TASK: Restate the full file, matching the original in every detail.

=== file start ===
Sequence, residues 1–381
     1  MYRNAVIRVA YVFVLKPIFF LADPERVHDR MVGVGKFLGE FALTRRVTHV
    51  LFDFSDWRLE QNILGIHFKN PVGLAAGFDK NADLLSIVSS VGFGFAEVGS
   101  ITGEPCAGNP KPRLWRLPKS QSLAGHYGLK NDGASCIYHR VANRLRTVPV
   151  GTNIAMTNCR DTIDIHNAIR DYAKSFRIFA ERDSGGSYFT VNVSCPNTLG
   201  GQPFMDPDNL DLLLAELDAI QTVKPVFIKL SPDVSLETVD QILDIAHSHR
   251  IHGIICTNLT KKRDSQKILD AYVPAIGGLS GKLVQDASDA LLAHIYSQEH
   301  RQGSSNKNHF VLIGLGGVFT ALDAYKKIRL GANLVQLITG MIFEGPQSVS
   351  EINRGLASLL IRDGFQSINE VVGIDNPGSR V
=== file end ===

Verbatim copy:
Sequence, residues 1–381
     1  MYRNAVIRVA YVFVLKPIFF LADPERVHDR MVGVGKFLGE FALTRRVTHV
    51  LFDFSDWRLE QNILGIHFKN PVGLAAGFDK NADLLSIVSS VGFGFAEVGS
   101  ITGEPCAGNP KPRLWRLPKS QSLAGHYGLK NDGASCIYHR VANRLRTVPV
   151  GTNIAMTNCR DTIDIHNAIR DYAKSFRIFA ERDSGGSYFT VNVSCPNTLG
   201  GQPFMDPDNL DLLLAELDAI QTVKPVFIKL SPDVSLETVD QILDIAHSHR
   251  IHGIICTNLT KKRDSQKILD AYVPAIGGLS GKLVQDASDA LLAHIYSQEH
   301  RQGSSNKNHF VLIGLGGVFT ALDAYKKIRL GANLVQLITG MIFEGPQSVS
   351  EINRGLASLL IRDGFQSINE VVGIDNPGSR V